One of the central tragedies of our lives is that there are more books out there than we’d ever have time to read. But we’re not going gently into that good night: Each Friday, Liel Leibovitz will be reviewing a title lost in the never-ending book pile, robbed of well-merited attention, or deserving of a second look.
Sitcom: A History in 24 Episodes from I Love Lucy to Community, by Saul Austerlitz
“One day,” Nicholson Baker wrote in a recent novel, “the English language is going to perish. The easy spokenness of it will perish and go black and crumbly—maybe—and it will become a language like Latin that learned people learn. And scholars will write studies of Larry Sanders and Friends and Will & Grace and Ellen and Designing Women and Mary Tyler Moore, and everyone will see that the sitcom is the great American art form. American poetry will perish with the language; the sitcoms, on the other hand, are new to human evolution and therefore will be less perishable.”
It’s the perfect quote with which to begin a study of that peculiarly American art form, a genre that, like the nation that spawned it, is allergic to history—dramatic progress interferes with the sacred duty of delivering carefully crafted laughs. It also captures the task facing film critic Saul Austerlitz in his delightful new study, Sitcom, namely how to write about comical works without subject them to academia’s grim kiss and robbing them of their vitality and their mirth.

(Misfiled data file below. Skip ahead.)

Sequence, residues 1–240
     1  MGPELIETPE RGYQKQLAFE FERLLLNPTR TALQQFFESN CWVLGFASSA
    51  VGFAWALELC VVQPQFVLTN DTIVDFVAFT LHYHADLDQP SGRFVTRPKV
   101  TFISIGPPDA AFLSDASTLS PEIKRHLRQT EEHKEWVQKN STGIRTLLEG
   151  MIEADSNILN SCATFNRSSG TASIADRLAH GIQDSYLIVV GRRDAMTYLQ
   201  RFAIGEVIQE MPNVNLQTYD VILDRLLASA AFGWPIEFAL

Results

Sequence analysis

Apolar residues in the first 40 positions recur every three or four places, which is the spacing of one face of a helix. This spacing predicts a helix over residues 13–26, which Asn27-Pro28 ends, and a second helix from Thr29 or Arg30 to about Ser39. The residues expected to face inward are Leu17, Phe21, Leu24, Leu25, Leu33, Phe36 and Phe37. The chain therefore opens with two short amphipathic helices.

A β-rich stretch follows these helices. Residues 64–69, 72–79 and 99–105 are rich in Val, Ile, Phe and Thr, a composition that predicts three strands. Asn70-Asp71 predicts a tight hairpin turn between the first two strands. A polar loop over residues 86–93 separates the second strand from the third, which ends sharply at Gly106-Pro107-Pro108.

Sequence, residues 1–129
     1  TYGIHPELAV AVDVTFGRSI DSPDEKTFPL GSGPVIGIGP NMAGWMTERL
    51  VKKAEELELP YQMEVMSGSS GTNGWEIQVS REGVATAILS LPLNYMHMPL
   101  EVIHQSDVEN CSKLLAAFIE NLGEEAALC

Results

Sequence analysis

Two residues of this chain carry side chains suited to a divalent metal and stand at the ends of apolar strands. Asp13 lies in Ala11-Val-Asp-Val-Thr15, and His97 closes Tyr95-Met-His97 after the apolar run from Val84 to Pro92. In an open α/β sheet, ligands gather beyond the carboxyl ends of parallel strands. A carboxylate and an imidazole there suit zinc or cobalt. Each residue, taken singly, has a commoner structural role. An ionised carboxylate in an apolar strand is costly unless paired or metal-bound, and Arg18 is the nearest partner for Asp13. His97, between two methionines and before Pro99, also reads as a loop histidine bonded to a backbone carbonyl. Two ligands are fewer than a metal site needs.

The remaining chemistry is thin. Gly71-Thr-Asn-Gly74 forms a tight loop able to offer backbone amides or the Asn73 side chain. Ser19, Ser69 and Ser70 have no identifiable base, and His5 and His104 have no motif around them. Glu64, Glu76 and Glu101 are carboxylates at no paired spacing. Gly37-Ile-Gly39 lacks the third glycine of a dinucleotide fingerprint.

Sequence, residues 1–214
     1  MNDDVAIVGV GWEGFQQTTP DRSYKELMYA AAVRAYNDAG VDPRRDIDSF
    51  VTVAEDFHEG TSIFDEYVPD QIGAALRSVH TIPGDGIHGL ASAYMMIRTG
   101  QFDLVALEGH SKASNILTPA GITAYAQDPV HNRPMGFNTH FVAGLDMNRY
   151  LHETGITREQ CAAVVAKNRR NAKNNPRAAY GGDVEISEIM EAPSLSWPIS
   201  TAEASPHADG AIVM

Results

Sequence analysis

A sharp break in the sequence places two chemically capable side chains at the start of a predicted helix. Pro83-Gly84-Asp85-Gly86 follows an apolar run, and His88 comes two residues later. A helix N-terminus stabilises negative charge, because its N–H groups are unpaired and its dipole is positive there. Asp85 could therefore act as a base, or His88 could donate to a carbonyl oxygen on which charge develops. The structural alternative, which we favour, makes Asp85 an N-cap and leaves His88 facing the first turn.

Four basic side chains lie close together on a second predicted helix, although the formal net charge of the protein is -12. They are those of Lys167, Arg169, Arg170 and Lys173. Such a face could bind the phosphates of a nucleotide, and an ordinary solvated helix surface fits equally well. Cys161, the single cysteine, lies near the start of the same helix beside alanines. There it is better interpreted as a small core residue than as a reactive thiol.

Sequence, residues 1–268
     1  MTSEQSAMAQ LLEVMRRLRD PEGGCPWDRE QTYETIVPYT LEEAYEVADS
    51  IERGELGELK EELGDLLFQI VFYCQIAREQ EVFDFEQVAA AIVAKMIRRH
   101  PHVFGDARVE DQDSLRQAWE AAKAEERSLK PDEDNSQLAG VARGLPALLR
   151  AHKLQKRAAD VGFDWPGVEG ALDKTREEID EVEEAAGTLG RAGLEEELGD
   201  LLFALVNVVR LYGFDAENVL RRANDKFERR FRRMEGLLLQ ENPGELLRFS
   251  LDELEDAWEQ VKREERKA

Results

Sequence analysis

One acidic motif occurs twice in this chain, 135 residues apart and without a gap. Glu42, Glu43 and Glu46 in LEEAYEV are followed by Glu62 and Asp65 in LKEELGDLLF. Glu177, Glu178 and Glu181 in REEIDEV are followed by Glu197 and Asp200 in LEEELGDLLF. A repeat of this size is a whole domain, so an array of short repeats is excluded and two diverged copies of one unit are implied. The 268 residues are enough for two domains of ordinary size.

Austerlitz meets his challenge brilliantly by choosing to view the genre through 24 representative shows, from I Love Lucy to Community, analyzing each through the prism of one particular episode. With a keen eye for detail—detractors, Austerlitz informs us when discussing Lucille Ball’s Here’s Lucy, a late-career, female-heavy effort, called the new sitcom the “Dyke Sans Dick Show”—and impressive erudition, Austerlitz performs the same inspired trick as the sterling shows he is writing about, namely taking a string of silly jokes and injecting them with context and with meaning. His book is a vivid history of a genre, but also of the nation that produced it, from the anxieties Ball both embodied and resolved in the 1950s—about gender, class, and all the other social constructs that would soon undergo a radical reexamination—to the delights 30 Rock took in “gleefully looting” the “desiccated corpse” of American popular culture six decades later. And it is as entertaining to read as the creations it deftly depicts, which, as attempts to take popular culture seriously go, is—to borrow a phrase from one of the book’s protagonists, Larry David—pretty, pretty, pretty good.
Check out the rest of the reviews here.